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Nice Guy Eddie’s Loses One Kiss Mural, Gains Another

IMG_0171Stephen Rex Brown Chico at work today.

The original Kiss mural at Avenue A and East First Street has been wiped out, and Antonio “Chico” Garcia is busy creating a temporary replacement that depicts the band comin’ home to New York City.

The new design is on a woodshed outside of the former Nice Guy Eddie’s, which is getting a gut renovation by the new owner, Darin Rubell, who also owns Ella and Gallery Bar. When finished in the next day or two, the mural will show the band arriving on a train to the city. Read more…

Nice Guy Eddie’s Closes on Sunday


Nice Guy Eddie’s just announced on Facebook that after 16 years it will close on Sunday. News that the Avenue A sports bar owned by Community Board 3 member David McWater would shut down broke in April when it was revealed that the owner of Ella and Gallery Bar, Darin Rubell was taking over the space. Meanwhile, the staff of the bar popular among football fans tells customers, “We’re throwing a huge party Sunday, so stop by and wish us farewell!” Still no word on whether the Kiss mural by Chico will remain.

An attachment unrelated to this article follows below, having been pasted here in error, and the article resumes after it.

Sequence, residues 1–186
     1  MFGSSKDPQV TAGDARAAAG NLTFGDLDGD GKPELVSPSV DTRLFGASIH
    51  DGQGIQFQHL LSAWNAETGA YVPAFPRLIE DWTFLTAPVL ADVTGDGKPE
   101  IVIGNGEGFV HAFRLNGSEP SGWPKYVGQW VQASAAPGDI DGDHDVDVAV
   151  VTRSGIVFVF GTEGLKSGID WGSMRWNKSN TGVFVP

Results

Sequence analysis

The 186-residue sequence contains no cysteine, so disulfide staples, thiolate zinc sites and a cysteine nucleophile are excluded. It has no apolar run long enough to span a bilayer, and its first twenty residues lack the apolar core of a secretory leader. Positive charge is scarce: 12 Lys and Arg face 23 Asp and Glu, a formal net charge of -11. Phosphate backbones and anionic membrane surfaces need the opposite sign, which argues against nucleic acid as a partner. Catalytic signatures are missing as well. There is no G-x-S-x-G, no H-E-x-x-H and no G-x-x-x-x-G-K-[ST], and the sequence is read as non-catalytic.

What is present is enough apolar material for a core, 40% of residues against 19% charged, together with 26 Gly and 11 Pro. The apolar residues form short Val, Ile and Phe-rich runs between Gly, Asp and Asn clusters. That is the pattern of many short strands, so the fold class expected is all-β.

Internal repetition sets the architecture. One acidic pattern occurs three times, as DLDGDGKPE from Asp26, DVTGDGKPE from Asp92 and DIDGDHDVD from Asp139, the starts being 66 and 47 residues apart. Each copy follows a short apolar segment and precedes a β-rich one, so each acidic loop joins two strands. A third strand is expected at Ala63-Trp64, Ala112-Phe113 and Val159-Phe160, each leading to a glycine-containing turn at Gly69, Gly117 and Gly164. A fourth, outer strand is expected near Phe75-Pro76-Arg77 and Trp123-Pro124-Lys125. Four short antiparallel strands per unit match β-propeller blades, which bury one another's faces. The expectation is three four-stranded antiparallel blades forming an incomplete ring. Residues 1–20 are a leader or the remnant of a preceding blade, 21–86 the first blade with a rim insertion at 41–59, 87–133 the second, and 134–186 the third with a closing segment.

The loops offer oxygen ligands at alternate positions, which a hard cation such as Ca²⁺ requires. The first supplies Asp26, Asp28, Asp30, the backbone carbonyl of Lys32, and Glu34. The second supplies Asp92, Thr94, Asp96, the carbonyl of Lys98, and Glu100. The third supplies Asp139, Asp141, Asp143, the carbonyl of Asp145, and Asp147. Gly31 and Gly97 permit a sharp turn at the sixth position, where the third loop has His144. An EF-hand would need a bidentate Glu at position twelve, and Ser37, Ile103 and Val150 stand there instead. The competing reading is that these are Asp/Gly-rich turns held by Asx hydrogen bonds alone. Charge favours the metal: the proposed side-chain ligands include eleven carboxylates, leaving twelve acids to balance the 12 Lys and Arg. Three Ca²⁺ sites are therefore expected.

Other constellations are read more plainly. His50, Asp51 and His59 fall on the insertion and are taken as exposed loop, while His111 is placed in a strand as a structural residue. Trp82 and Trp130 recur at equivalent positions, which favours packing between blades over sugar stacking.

Where Underground Comix Lurched Into Life


The Local East Village continues its celebration of the pioneering alternative newspaper of the late 1960s and early 70s, The East Village Other. This weekend, further to last week’s piece by artist Trina Robbins, we’re keeping our attention on the paper’s trailblazing illustrations, starting with an essay from Patrick Rosenkranz, the author of “Rebel Visions: The Underground Comix Revolution 1963-1975.”

Crumb Gothic Blimp Works first issue Cover of the first Gothic Blimp Works issue, by Robert Crumb

I never worked for The East Village Other but I was a captivated reader from the first time I picked up an issue in 1966. As an 18-year-old naïve Catholic scholarship student at Columbia University, I was ripe for the revolution. My roommate introduced me to smoking dope that winter and my enhanced appetite often drew me to the student cafeteria, where I couldn’t help but be attracted to the radical contingent from Students for a Democratic Society sitting around their regular table. They looked to my eyes like bomb-throwing anarchists who were having wild sex every night. They often left behind copies of The East Village Other, which I picked up. It was love at first sight.

I’d never seen a publication like this before. It was full of wild accusations and bawdy language and doctored photographs. It had President Johnson’s head in a toilet bowl. It had naked Slum Goddesses, truly bizarre personal ads, and a whole different slant on the anti-war movement than my hometown paper upstate. But best of all, it had the most outrageous comic strips. The continuing saga of Captain High; the psychedelic adventures of Sunshine Girl and Zoroaster the Mad Mouse; Trashman offing the pigs and scoring babes left and right. While I enjoyed many aspects of EVO, I liked the comics the most. Read more…